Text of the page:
It is rare for parents and children to be able to see a play together without one or the other of them feeling that they are performing an act of self sacrifice. Achieving this delicate balance is just the challenge that 24th Street Theatre has given itself as a directive for its new resident company. The theater celebrates its 15th season with a pledge to produce cutting edge theater that can be enjoyed on different levels simultaneously, by adults and children alike. If the current production, Walking the Tightrope, is an indication of what is to come, LA theater lovers have a lot to look forward to.
Walking the Tightrope is a simple tale, made universally familiar by its simplicity. A young English girl goes every year on the train to visit her grandparents by the sea. This year when she arrives, her grandmother is not there. Her grandfather's inability to talk about the grandmother's passing leads him to explain her absence with a tale about her joining the circus. The plot is that simple, but there is so much more to this production than plot.
On the surface, the topic might not seem an obvious choice for a young audience, and certainly any family dealing with a recent or impending death might want to consider carefully how the tale might affect sensitive family members. That said, the subject is handled so warmly, so gently, and so delicately that it is surprisingly appropriate for most ages. The play is a poem, brought to life by storytelling actors, a touching and subtle set, live piano music, and occasional old film clips as backdrop. All of this works to illustrate the repeated refrain: Every year some things stay the same and some things change.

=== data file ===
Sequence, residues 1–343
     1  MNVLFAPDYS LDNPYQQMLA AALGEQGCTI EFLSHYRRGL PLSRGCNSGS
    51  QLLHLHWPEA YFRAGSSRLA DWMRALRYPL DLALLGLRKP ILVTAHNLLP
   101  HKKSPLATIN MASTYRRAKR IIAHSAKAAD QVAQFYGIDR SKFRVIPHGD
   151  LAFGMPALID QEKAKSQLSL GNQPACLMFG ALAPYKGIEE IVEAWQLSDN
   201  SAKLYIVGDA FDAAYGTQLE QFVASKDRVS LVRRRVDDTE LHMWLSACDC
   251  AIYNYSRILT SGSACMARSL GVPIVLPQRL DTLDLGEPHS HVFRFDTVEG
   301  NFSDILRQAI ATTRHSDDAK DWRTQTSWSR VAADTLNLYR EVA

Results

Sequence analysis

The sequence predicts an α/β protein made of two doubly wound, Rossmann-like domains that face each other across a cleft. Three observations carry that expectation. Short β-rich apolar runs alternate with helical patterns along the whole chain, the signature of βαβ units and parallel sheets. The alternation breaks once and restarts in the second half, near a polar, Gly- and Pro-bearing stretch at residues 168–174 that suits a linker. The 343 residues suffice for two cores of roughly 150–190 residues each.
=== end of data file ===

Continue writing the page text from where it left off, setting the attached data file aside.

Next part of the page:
A mixture of real and abstract allows the house to be any of our grandparents' houses, and Esme, the little girl, is both child experiencing and adult remembering her summer vacations. The effect is so touching that there was barely a dry eye among the parents in the theater - and yet the children in the room were oblivious to the bittersweet strain. They enjoyed the laughs and the storytelling. Some of the more abstract moments may require parental explanation, but we didn't witness a single antsy or fidgety child in the audience; the show is only an hour long and absolutely sustains the interest of young and old throughout.
Particular mention must be made of Paige Lindsey White, whose adult portrayal of the child Esme is remarkable in its authenticity; her energy and sensitivity create an astonishingly believable little girl and are a major part of what makes this production such a touching success. She also draws plenty of laughs from the kids.
The issue that might give some parents pause, the grandmother's passing, is handled with such a light touch that even the youngest children in the room seemed unperturbed. On opening day there were children as young as four enjoying the show, though in general I'd recommend it for kids ages seven and up based on some of the more abstract moments.
Walking the TIghtrope is a treat for theater lovers of all ages; it plays through March 30, 2013, Saturdays at 2pm and 7:30pm.
Photo by Cindy Marie Jenkins